Copa Holdings Flies High On Panama's Boom, Air Hub


Panama's economy is booming. Its real estate market is on fire, and the Panama Canal is undergoing a $5 billion expansion.

Tocumen International Airport in Panama City is also undergoing a major expansion to handle all the new flights coming in and out of the small but growing Central American country's big airport hub.

No wonder Panama City-basedCopa Holdings' ( CPA ), parent of Copa Airlines, is flying high.

The country's booming economy and the airport's strategic location as a hub for connecting flights to locations throughout the Americas are fueling Copa's own rise.

Copa's revenue is expected to rise 15% this year to $2.6 billion, double what it was five years ago.

"The Panamanian economy continues to be a very important driver of the company's growth," said Citigroup analyst Stephen Trent.

The International Monetary Fund projects Panama's GDP will grow 9% this year.

Last year's route-building programs and technology upgrades kept Copa's profit in check with single-digit growth but earnings are expected to take off this year, climbing 30% to $9.81 a share.

Though Copa recently began new service to Boston and Tampa, most of its expansion this year will come from adding more frequent flights on existing routes. That means fewer start-up costs.

New Routes

Last year, it launched several new routes, which came with added costs that cut into profits.

From its centrally located Western Hemisphere hub in Panama City, Copa provides numerous connections to principal markets in North, Central and South America and the Caribbean. In the U.S., it now flies to nine cities including Miami, Orlando, New York and Los Angeles.

Many of its feeder routes into Panama City, particularly from Central America and the Caribbean, don't typically generate enough demand to justify point-to-point service.

Trent says that Copa transports 20 or fewer passengers on 74% of its routes.

That might sound like it's not worth the trouble. But profitability on those "thin routes" is "big time," Trent says.

Copa charges more than rivals on many of its flights because it saves passengers travel time by connecting them to their final destinations through Panama City rather than other hubs farther away.

"To go from Guatemala City to Maracaibo in Venezuela you can either transfer in Panama City or Bogota, Colombia. If you fly through Bogota it's 11 hours instead of eight hours through Panama City," Trent said.

Business travelers would rather pay more for the shorter trip on Copa, he says.

In a survey looking at four low-density routes in Central and South America late last year, he found that Copa passengers' average trip lasted half that of competitors. The four sampled trips required at least one stop.

Because of the shorter flight times, Copa burns less fuel than the competition on the same route.

"One of the reasons it does well is that it has the best and most centrally located hub. And it flies the shortest distance and charges the highest fare," Trent says.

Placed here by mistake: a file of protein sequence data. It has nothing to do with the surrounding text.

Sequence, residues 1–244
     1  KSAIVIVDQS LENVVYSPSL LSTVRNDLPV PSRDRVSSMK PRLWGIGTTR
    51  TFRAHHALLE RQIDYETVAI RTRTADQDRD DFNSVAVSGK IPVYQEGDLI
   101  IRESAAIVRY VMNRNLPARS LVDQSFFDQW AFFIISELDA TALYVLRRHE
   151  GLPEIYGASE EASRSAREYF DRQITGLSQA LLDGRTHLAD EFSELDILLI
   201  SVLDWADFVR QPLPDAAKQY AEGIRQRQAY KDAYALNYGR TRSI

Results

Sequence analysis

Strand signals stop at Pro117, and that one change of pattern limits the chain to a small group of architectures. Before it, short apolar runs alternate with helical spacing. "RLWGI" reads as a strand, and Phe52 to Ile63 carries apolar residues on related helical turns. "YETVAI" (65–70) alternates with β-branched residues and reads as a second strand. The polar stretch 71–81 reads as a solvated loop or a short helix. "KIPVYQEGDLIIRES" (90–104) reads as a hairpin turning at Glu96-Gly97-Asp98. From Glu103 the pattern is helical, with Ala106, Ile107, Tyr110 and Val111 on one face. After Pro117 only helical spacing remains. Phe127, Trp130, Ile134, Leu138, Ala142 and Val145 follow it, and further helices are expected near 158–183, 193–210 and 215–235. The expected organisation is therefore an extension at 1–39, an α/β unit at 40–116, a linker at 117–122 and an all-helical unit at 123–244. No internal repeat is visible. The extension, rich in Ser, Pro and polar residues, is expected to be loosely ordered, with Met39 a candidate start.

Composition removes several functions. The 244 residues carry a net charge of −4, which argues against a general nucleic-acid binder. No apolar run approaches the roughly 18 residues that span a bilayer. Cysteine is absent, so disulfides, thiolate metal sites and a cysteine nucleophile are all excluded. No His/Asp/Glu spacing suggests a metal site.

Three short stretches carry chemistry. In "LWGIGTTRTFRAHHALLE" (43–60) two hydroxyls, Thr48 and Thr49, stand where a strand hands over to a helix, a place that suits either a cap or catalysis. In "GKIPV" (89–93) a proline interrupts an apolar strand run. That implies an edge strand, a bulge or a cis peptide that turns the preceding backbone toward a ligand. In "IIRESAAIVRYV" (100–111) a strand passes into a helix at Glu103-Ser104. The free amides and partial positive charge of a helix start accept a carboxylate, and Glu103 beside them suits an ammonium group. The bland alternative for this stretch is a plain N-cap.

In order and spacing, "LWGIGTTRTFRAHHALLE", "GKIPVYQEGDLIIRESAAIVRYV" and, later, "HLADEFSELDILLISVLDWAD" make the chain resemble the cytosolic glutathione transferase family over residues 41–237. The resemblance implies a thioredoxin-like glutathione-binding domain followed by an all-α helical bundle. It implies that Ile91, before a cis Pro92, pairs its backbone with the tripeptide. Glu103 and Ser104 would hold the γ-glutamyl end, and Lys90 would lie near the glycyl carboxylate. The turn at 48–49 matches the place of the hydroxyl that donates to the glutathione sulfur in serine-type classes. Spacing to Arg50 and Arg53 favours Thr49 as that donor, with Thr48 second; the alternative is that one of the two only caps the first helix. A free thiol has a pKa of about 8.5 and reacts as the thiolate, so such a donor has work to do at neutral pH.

About 45% of Copa's passengers are business travelers, a higher percent than most airlines.

Far from being a low-fare carrier, Copa is more similar to traditional hub-and-spoke carriers in the U.S.

"Spokes on the hub attract new customers rather than low fares," said analyst Bob McAdoo of Imperial Capital. "They don't have to attract new customers by cutting fares. That is different from the rest of the aviation world."

Copa competes with a number of other airlines such as theLatam Airlines Group ( LFL ) (Lan Airlines), Avianca, AeroMexico, American Airlines andDelta Airlines ( DAL ).

But in many of its markets, Copa has little or no competition, McAdoo says.

And its Panama City hub, he adds, is unmatched in that part of the world, and likely will be for some time due to facility and land limitations elsewhere.

"There is no other hub like that in Latin America so they have a monopoly in bringing in smaller and midsize cities into their hub," McAdoo said.

In June, Copa said its systemwide passenger traffic rose 19.5% over the prior year's same month while capacity grew 14.4%. The load factor was 76.7%, a 3.5 point increase over last year.

Combining figures from April through June, Trent figures that Copa's consolidated revenue per passenger mile for the second quarter grew 20.4% over the prior year.

Second-quarter results will be reported on Aug. 7. Analysts expect earnings to soar 33% over last year to $1.75 a share. Fuel prices are expected to be "tame," Trent says.

Analysts see second-quarter revenue rising 15% to $594 million.

Colombian Operation

Copa continues to shrink its Colombian domestic airline operation in favor of more profitable international routes. Domestic capacity on Copa Airlines Colombia accounted for 3.4% of Copa's total capacity in June, down from the high teens a few years ago.

Copa had acquired Colombia's second-largest air carrier, AeroRepublica, in 2005, later renaming it Copa Airlines Colombia.

The Colombian carrier flies to 10 cities within Colombia as well as to several cities outside the country, including Copa's Panama City hub.

Copa's fleet consists of nearly 90 planes, most of them relatively new Boeing 737 next-generation models and smaller Embraer-190 aircraft.

"It's a modern fleet, one of the youngest (in the industry)," Trent said.

Copa expects to take delivery of another 10 within two years.

The views and opinions expressed herein are the views and opinions of the author and do not necessarily reflect those of The NASDAQ OMX Group, Inc.

This article appears in: Investing , Investing Ideas

Referenced Stocks: CPA , DAL , LFL

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